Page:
It wasn’t until years later that I began to see things differently about Jesus, Church and even sobriety – something I found in the last year – entirely.

In many ways, it wasn’t a gospel message that caused me to turn from my ways, as much as it was an adult mind that mentally calculated the cost of all of the parties, drinks and substances I’ve consumed in my life – realizing I’d give anything to have that time, money and brain cells back in my life. None of those things brought me any closer to being at peace than when I first started down the road of the party train. Those years simply took from me, and never gave me something of real substance that made my life better.

I reached out to a pastor at a local church and asked if he would be willing to have coffee with me before I attended his church. He happily accepted and sat down to answer a plethora of questions I had for him about his church. At the time, I was highly critical of anything that looked or smelled like a church.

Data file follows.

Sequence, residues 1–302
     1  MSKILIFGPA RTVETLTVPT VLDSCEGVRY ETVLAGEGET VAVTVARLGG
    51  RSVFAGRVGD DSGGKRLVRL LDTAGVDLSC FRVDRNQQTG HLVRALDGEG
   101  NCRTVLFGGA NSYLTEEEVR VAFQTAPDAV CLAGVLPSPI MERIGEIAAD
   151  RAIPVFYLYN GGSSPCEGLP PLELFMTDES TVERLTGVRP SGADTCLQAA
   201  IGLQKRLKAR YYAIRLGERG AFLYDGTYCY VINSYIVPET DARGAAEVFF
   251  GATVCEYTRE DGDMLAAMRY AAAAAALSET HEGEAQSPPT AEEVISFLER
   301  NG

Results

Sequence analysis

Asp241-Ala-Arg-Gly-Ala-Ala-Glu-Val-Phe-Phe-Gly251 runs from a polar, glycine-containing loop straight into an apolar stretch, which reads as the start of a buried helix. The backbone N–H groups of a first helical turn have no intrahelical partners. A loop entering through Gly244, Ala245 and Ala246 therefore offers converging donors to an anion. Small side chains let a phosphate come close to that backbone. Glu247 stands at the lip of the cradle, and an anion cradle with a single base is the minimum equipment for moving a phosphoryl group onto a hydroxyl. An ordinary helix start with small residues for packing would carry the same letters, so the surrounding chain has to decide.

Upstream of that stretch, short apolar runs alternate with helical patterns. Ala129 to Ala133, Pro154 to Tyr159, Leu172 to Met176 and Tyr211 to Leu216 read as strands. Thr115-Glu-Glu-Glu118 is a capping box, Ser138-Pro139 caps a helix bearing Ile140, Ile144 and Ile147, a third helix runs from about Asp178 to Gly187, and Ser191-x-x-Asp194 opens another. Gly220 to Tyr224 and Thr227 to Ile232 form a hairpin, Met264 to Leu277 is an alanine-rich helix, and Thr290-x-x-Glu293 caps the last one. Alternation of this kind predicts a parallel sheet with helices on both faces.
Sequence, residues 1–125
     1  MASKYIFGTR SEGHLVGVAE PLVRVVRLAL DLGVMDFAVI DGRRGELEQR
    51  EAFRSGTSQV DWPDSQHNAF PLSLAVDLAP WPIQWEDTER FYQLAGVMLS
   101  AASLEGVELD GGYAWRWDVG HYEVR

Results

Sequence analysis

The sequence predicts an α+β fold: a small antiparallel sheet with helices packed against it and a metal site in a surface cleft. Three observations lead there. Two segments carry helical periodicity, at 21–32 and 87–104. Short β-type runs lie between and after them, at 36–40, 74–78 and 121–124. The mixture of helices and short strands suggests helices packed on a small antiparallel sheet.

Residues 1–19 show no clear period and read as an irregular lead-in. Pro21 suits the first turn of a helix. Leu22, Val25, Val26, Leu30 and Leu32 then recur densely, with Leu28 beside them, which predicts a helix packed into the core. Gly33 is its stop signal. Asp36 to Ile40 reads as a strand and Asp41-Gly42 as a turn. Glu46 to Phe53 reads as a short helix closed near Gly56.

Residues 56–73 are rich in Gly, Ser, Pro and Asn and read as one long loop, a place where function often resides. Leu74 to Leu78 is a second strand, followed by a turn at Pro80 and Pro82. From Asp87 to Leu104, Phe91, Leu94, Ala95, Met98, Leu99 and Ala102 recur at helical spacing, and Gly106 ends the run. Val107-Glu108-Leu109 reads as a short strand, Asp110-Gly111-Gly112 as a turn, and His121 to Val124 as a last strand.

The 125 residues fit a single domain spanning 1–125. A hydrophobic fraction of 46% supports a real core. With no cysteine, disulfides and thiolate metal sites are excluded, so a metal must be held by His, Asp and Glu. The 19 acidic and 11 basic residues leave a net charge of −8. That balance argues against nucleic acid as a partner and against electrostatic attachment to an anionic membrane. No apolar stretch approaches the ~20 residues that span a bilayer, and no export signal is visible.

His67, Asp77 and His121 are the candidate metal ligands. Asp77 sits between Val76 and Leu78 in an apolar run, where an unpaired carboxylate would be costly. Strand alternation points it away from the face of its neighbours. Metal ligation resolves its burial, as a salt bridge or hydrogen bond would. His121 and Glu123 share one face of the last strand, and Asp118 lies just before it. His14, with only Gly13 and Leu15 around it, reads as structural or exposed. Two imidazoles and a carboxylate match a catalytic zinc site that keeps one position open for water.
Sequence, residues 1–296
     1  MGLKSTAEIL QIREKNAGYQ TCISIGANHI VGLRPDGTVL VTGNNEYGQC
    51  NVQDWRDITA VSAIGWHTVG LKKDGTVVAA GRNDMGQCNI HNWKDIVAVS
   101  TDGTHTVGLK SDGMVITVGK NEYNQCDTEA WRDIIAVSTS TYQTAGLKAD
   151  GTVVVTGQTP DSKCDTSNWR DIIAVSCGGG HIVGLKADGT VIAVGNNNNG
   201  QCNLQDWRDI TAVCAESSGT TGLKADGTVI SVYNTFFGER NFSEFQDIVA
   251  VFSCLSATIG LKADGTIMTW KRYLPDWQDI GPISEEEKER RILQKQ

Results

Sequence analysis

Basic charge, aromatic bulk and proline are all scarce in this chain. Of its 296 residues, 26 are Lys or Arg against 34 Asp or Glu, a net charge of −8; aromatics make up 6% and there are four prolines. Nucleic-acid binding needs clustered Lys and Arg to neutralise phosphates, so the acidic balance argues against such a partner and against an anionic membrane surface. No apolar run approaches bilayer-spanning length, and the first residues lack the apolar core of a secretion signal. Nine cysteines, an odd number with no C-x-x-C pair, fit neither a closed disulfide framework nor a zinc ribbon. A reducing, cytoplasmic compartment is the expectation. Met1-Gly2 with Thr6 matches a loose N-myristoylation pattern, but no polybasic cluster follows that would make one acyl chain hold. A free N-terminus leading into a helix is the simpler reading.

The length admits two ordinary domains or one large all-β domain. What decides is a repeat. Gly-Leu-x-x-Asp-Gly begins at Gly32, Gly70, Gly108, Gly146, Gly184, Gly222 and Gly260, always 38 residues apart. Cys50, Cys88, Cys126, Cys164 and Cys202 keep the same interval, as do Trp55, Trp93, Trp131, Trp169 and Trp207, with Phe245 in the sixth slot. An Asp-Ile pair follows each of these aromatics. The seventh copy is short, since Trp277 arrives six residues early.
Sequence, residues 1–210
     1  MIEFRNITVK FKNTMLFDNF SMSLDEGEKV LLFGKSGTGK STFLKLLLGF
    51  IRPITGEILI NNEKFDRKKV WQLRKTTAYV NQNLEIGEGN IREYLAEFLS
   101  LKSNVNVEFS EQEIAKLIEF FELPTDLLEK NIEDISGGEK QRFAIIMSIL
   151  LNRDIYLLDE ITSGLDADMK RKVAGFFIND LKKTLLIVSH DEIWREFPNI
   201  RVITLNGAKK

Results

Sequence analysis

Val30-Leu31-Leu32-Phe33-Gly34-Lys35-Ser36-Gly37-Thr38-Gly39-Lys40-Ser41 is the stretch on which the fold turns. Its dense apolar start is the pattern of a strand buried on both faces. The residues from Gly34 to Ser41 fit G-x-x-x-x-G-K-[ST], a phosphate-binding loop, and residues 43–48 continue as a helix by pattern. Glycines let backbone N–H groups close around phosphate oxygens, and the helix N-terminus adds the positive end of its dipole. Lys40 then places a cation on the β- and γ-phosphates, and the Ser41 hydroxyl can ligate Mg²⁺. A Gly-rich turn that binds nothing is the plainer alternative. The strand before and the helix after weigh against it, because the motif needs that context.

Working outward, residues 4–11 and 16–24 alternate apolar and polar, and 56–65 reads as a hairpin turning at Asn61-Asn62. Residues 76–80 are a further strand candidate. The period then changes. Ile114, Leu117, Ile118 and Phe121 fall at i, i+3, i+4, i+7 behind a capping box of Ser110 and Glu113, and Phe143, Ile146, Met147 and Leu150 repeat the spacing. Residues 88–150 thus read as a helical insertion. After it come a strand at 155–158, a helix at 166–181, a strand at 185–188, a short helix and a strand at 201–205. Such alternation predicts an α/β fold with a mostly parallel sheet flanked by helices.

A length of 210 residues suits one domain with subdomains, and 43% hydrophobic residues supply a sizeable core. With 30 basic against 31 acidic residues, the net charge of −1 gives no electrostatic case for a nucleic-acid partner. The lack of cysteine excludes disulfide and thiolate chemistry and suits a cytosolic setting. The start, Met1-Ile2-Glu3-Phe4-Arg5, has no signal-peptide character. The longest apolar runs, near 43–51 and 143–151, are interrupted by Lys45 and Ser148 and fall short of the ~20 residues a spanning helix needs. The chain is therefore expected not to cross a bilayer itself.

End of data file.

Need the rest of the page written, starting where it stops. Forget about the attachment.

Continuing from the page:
That church and its people were some of the most pivotal people in my life that helped me reach true sobriety. After a decade of smoking weed, I decided it was time to quit and finally find out what it meant to be truly sober.

Withdrawal. It was hard. Harder than anything I’ve ever experienced. I remember going to church during those times and simply sitting in the back of the building where I would weep and work my way through the purge my body was experiencing. There was never a look of judgement or concern from anybody there – simply love, hugs and heartfelt prayer.

For weeks, I battled insomnia, night sweats and racing anxiety as I did my best to continue putting one foot in front of the other; knowing that each step through the pain would bring me closer to the day where I didn’t feel that way anymore.